If you are acting as a director or sitting on the board for your company, you are accustomed to long task lists and high-pressure situations. Leaders understand that they are responsible for the success of the business. That means unsolvable problems, big and small, inevitably make their way to your desk. While you are focused on growing your company or maintaining its success, you are also expected to adhere strictly to an expansive legal code of ethics. Organizations like the Securities and Exchange Commission (SEC) and the Federal Bureau of Investigation (FBI) routinely review the practices of directors and board members. They might even bring charges of insider trading against you or another leader in your business: another seemingly unsolvable problem.
Insider trading allegations can be time-consuming and stressful. Handling the SEC and making your case can take away valuable hours you could be spending on your business responsibilities. As the insider trading attorneys at Williams Hart can attest, many company leaders have watched their businesses suffer while they were tied up in a court case. The personal stress of these allegations makes matters even worse. If you are facing the accusation of insider trading, you should secure the services of an experienced legal team. An attorney’s help can give you peace of mind and allow you to get back to your real job: managing your business.
It is a good general rule to find high-quality legal help when you are coping with insider trading charges. The SEC and the FBI ferociously pursue these cases, and if you are found guilty, you can face serious sanctions—even time in prison.
There are serious criminal and civil penalties associated with insider trading. If you cannot beat the charges brought against you, you could face:
Any one of these penalties can seriously affect your life. It can be almost impossible to regain your standing in the business world while coping with the fallout of a “guilty” verdict for insider trading.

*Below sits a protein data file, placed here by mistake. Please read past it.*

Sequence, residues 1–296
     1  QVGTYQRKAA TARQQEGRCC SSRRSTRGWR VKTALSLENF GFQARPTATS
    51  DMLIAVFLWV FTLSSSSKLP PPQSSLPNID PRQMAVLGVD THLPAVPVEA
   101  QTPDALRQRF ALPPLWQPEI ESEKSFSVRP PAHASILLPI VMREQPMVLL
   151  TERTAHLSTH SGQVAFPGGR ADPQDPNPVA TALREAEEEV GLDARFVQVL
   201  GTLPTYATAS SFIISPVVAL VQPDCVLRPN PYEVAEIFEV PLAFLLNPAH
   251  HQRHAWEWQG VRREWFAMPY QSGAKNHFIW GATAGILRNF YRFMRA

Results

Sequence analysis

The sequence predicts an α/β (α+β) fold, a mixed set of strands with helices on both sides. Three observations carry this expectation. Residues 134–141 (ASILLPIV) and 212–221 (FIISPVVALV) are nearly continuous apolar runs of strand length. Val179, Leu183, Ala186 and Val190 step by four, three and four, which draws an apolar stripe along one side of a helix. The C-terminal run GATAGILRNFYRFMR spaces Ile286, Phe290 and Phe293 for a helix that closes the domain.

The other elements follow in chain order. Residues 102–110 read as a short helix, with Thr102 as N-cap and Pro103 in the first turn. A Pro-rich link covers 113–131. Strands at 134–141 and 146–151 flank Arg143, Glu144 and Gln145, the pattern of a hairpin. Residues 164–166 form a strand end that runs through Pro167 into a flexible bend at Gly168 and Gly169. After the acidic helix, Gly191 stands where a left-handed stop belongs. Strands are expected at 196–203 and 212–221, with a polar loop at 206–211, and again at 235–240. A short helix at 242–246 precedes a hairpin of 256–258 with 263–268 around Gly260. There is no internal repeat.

Non-insiders are any members of the public who do not have access to and are not aware of insider information. Non-insiders can be individuals who have worked for the company or in affiliation with the company in a position that would not give them access to any pertinent company information, such as a vendor, custodian, or building owner. Contrarily, quasi-insiders are any individuals who have worked in affiliation with a company in a position that would allow them to know important and confidential company information, such as a company attorney or accountant. Quasi-insiders have a duty to keep company information confidential.
Inside information is important confidential company information, either positive or negative, that could have an impact on a company’s stock value or the price of a security. Inside information has not yet been made available to the public. Information is considered public when it has been announced and spread through the marketplace to investors. A tangible release of the information is the best way to be sure that it will be considered public. If the information has been published in a news outlet and has had ample time to spread widely, it will most likely be considered public information.
According to the U.S. Securities and Exchange Commission (SEC), it is legal for a company executive, or any company insider, to buy stock in their own company if they perform the trade based on public information and are not aware of any insider information that would sway the trade. When a company insider purchases or sells company stock, they must report the trade to the SEC.
Challenging insider trading charges requires the knowledge and experience of skilled attorneys. The insider trading attorneys at Williams Hart are dedicated and accomplished. We complement our legal ability with the firm belief that you deserve loyal, focused legal representation as you handle these charges. Contact us at (713) 230-2200 to learn more about how we can help you fight these allegations and get back to your leadership role.